So this is a belated post – but hey! I was drinking – Connected China is up and running.
First, a shout out: It’s the culmination of many, many months of hard and excellent work by Irene Jay Liu and her team of dedicated reporters, researchers and project managers, working closely with the legendary Ben Fry and the talented folks at Fathom Information Design. A huge thanks and kudos to all of them for just outstanding work. And fair warning: This will be a shameless plug.
It’s a little hard to sum up simply; at one level, it’s a microsite that focuses on looking at power in China, explaining how it flows, the key players and institutions, and their relationships, featuring stories and rich multimedia (including fantastic archival footage.) But it’s much more than that: It’s also a series of innovative data visualizations that pull from a rich, underlying database of people, institutions and relationships to illustrate the connections, careers and positions of key officials in China. And more than that: It’s a great example of how the combination of data. visualizations, stories and multimedia can be much more than the sum of their parts. And it shows how designing visualizations – and a site – around regular updates of data, not unlike HomicideWatch or Politifact, can yield real value to users.
That’s a central tenet of structured journalism, which is another reason I’m really pleased to have conceived the project at Reuters – and had someone as dedicated as Irene to push the idea further and make it come to life. We pushed the button on it late Thursday – and the reaction on the twitterverse, at least, has been great, as well as among fellow attendees at the NICAR conference in Louisville. (Which explains the drinking.)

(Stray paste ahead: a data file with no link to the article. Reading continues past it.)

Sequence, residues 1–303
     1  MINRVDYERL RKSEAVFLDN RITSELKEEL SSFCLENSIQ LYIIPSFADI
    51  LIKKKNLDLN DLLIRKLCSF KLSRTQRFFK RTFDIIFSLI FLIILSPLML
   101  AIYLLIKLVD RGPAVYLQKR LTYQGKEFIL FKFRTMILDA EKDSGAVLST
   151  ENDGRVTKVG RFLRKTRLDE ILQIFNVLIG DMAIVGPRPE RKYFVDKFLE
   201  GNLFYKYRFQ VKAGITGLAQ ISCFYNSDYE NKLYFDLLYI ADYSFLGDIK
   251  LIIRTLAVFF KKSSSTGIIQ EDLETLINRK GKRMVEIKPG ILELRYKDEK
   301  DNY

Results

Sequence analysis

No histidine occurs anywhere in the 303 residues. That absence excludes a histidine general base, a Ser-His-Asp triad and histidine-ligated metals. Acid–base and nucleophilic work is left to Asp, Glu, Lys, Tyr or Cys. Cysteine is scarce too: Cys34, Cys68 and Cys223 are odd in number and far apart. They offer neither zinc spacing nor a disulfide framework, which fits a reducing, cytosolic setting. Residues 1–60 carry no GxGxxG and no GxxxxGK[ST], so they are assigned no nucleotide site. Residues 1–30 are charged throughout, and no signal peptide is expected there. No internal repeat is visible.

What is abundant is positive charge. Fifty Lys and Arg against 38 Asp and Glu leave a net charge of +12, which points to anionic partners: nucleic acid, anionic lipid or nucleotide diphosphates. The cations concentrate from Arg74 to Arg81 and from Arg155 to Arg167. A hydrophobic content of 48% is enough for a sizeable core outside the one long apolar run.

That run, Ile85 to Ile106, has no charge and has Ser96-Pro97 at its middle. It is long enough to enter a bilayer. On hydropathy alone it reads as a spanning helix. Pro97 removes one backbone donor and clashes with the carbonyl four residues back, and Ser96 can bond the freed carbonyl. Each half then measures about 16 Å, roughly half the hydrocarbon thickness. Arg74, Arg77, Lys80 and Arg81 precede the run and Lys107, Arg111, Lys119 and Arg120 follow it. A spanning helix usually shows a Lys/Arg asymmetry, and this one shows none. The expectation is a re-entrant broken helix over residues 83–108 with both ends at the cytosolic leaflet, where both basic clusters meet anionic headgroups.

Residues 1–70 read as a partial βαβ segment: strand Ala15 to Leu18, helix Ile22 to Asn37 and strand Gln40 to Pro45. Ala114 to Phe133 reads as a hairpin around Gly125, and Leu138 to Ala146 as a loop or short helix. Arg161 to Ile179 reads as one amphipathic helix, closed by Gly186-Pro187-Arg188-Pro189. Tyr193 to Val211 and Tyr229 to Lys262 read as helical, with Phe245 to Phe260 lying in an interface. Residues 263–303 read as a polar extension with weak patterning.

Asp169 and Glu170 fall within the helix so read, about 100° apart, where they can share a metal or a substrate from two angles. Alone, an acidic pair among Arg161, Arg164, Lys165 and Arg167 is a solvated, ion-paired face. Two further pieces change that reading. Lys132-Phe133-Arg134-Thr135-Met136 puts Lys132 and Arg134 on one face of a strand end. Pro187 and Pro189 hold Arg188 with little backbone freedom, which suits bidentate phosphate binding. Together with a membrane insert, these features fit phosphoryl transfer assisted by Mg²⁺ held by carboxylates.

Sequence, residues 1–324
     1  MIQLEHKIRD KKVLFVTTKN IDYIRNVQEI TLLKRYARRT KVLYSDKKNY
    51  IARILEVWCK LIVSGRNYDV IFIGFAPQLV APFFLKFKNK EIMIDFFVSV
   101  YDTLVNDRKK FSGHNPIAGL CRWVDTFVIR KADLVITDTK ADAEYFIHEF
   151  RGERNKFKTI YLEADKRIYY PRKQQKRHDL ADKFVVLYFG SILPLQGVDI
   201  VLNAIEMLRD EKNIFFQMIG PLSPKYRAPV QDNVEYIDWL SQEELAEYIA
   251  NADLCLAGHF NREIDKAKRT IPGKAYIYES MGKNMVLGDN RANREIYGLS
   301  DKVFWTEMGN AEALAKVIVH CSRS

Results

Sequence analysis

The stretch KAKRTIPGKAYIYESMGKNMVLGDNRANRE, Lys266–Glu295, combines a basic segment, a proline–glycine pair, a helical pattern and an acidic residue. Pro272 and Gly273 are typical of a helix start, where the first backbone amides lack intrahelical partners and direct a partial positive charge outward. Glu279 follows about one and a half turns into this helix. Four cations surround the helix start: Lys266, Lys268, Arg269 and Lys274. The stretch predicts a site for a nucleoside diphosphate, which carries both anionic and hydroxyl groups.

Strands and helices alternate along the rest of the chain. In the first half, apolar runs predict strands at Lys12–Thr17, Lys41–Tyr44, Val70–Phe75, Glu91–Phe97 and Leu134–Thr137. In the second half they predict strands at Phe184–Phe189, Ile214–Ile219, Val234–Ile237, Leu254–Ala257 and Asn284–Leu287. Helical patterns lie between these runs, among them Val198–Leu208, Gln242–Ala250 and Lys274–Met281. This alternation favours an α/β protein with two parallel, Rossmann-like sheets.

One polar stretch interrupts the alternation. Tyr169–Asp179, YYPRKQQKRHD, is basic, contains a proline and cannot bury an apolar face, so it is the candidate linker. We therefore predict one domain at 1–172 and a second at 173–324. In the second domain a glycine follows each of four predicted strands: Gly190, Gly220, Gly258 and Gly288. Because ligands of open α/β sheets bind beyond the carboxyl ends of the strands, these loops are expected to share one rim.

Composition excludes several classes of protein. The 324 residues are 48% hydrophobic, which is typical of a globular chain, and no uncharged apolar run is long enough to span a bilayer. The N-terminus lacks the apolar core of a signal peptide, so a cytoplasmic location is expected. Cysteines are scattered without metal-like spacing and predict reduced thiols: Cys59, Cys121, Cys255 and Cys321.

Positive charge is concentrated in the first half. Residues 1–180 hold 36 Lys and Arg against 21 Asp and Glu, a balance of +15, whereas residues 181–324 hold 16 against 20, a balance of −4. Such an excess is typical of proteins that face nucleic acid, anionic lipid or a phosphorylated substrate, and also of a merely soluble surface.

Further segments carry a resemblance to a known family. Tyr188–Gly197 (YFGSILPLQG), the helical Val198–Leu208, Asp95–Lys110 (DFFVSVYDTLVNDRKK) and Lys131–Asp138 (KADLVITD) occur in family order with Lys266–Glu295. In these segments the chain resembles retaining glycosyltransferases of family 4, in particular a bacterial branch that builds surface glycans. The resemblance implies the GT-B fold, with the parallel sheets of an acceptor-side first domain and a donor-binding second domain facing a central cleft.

It’s an amazing database: Tens of thousands of entities, 30,000 relationships, and a million and a half words (not to mention the array of news stories, photos and videos also featured in the app.) The team structured tons of information – connections, the importance of job roles, etc – with an editorial sensibility. In other words, they applied news judgment – but rather than use it just in stories, they used it to structure data. Or, as Irene notes on the blog:
By quantifying and categorizing these complex relationships, we break from the constraints of long-form text and allow new ways of communicating and interpreting this acquired knowledge.
And there are a lot of different ways Connected China communicates all that information. We hope you’ll like it, and find it useful. And that you’ll tell others about it.